Belleus, a vocalist, said the work of interpreting the writing into music was challenging but valuable.

“To get a piece of text and then be like, ‘What is this poem evoking in me?’ and then, ‘How can I use music the way that I like it to bolster that?’ is helpful in our own personal studies to make a storyline for the music we create,” Belleus said.

After faculty contacted the students to take part in the event, they got together, shared ideas and delegated certain pieces to those who felt the strongest about them.

Jarvis, who played bass, said working in a small group was beneficial, as each musician got to work closely with the text.

“I don’t think a lot of us were used to just reading some text and just kind of putting music to that,” Jarvis said. “A lot of us had strong feelings as soon we read some of the text, and then others had absolutely no idea what to do, for some of them.”

The musicians and writers did not come together until the day of the event, quickly running through the pieces just minutes before the doors opened. However, because a lot of the interaction between the musicians and readers was improvisational, the pieces came together in their entirety on the stage as the performance took place. Van Jordan said that he experienced much of the program for the first time during the performance, along with the audience.

“I didn’t really hear it all come together before the actual performance, because so much of it is improvisational,” he said. “We did partial run-throughs, but we never ran through the entire thing until we did it for the audience.”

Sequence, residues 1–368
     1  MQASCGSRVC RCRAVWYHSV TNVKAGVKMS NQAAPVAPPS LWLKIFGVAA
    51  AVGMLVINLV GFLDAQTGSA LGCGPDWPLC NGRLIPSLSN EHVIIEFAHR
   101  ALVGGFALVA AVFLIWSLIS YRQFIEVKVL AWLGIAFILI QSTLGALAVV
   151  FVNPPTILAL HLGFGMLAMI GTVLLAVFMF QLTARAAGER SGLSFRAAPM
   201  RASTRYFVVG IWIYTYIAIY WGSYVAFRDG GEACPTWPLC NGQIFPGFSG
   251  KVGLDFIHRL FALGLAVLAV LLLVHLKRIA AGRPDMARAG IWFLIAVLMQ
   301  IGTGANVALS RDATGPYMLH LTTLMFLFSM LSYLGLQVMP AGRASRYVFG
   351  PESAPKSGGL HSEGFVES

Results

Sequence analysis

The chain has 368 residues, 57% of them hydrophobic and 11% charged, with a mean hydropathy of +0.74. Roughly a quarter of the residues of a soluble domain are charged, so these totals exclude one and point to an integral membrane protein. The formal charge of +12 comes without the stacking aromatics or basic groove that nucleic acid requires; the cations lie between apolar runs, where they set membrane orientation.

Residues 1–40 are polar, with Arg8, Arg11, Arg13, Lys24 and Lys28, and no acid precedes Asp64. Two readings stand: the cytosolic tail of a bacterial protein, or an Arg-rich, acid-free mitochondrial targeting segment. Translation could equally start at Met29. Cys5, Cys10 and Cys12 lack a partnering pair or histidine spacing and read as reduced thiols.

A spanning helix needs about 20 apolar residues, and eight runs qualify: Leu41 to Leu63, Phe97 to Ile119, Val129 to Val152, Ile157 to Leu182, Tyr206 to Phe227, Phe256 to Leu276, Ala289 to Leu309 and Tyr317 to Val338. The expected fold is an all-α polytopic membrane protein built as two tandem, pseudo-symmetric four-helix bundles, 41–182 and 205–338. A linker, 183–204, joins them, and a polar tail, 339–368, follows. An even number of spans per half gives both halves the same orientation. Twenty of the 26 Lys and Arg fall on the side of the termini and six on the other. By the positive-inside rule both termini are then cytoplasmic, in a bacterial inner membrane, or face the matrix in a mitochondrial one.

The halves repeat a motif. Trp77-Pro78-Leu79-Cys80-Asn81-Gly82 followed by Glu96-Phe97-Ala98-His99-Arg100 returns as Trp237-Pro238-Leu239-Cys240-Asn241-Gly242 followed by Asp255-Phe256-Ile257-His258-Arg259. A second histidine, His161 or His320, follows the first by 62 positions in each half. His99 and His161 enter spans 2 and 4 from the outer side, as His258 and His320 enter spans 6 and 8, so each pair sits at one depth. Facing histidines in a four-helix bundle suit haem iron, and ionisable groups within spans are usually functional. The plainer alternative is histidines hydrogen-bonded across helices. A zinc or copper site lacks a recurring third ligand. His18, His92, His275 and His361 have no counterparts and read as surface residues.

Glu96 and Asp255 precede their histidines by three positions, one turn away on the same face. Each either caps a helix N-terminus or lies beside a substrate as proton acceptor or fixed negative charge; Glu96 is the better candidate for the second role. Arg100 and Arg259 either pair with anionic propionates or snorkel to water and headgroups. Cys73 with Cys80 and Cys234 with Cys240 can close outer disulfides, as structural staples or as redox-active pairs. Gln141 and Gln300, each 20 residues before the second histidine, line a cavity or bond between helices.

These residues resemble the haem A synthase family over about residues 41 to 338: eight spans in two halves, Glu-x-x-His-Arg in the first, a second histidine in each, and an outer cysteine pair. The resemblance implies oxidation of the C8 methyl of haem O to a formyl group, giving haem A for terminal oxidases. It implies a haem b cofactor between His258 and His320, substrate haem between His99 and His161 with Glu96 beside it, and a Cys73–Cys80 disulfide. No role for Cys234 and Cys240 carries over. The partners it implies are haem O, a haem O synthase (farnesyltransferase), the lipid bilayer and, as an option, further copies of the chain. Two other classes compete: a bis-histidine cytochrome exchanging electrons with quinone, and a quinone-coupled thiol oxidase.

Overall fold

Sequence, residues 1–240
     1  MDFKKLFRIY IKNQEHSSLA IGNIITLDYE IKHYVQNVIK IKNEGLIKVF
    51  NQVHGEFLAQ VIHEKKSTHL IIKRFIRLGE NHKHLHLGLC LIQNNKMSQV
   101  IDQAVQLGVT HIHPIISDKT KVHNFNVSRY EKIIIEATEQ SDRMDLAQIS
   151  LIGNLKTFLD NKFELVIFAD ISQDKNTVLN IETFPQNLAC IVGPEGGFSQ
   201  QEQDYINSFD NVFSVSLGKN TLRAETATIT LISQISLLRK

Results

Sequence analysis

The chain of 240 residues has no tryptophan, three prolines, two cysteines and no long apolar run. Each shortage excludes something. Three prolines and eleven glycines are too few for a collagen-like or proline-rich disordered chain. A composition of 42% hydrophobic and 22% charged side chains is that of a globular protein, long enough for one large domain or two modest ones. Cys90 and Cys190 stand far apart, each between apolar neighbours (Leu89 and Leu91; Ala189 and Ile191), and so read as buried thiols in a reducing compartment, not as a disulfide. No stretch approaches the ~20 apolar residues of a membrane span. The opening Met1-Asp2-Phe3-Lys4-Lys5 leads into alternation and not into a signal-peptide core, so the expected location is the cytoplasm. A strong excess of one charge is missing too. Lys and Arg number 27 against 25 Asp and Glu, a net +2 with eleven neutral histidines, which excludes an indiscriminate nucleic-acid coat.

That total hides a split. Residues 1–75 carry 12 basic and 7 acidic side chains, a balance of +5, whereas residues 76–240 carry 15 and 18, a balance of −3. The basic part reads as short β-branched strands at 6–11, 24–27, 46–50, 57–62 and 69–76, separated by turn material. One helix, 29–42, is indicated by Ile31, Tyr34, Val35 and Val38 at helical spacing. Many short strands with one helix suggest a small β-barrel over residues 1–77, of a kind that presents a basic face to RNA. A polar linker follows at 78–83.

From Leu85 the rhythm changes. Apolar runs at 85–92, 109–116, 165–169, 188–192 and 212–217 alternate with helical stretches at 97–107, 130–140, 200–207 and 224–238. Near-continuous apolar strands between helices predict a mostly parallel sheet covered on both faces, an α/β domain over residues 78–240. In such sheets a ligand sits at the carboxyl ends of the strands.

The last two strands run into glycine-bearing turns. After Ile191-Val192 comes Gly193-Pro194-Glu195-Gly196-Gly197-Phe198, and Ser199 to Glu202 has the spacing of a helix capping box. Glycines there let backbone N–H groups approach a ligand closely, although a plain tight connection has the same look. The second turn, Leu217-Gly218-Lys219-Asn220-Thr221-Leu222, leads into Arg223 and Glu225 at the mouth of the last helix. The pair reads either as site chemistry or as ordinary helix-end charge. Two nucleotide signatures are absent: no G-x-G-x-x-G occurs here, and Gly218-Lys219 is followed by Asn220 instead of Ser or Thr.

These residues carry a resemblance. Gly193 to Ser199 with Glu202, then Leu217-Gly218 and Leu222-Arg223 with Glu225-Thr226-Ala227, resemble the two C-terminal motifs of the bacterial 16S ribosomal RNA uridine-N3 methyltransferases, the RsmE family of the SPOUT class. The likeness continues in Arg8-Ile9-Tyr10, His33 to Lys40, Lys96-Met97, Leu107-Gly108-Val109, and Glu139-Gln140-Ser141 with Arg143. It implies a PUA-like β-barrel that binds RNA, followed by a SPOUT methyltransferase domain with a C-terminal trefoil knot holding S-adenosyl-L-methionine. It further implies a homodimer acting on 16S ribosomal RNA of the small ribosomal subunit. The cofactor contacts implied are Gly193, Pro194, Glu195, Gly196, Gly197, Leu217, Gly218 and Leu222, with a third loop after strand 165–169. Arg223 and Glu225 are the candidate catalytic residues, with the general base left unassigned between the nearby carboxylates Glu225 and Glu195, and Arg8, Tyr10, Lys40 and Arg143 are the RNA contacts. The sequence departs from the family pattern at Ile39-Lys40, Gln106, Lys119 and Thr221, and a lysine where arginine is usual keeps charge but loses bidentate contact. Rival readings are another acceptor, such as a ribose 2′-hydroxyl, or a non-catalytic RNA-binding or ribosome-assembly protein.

The writers had very few guidelines on what pieces to present. The only criteria were that they somehow related to the act of celebration, with the idea that celebration means something different to everyone.

Alvarez’s piece, “Spanglish with Mami” is about struggling to maintain one’s identity and culture through the loss of language. The narrator in the piece moves to the U.S. as a child, and finds it difficult to not be able to use her native tongue.

Speaker Julia Alvarez reads her piece, “Spanglish with Mami,” accompanied by students’ music.

“Sister Mary Joseph reprimanded me if she overheard me speaking Spanish to my sisters,” Alvarez said, reading from her short story. “When I tried speaking English, the school bullies taunted me. Spic. Spic.”

As she read, the music the heavy strings created a sense of tension, and the vocalists whispered “Spic, Spic” to coincide with the reading.

Eventually, the narrator resolves to bring Spanish words into English. After the reading concluded the music switched to a much more upbeat tune featuring a Latin-sounding trumpet melody and wooden block percussion.

As the program stated, “For some, celebration may be the joy of winning, for some it may be the gratitude of survival and for some it may be the power of freedom.”

Van Jordan said the triumphant and vibrant mood of the entire weekend inspired the feeling of the event.

“We came in with the idea that we were going to celebrate both the 125th anniversary but also Shirley’s inauguration,” he said. “We came in with that spirit, and we just let go.”

Van Jordan said though the rainbow of cultures represented on the stage was not necessarily intentional, such diversity is a celebration in and of itself.

“I think that celebration is a part of how I live my life in general,” Van Jordan said. “What you find is that when you do say, ‘I’m going out to find the best,’ you can’t help but have a diverse group … We were just thinking about friends of ours and sort of casting that net and trying to find people that we thought of in that light who were strong, dominant figures in our relationship that we wanted to bring to campus.”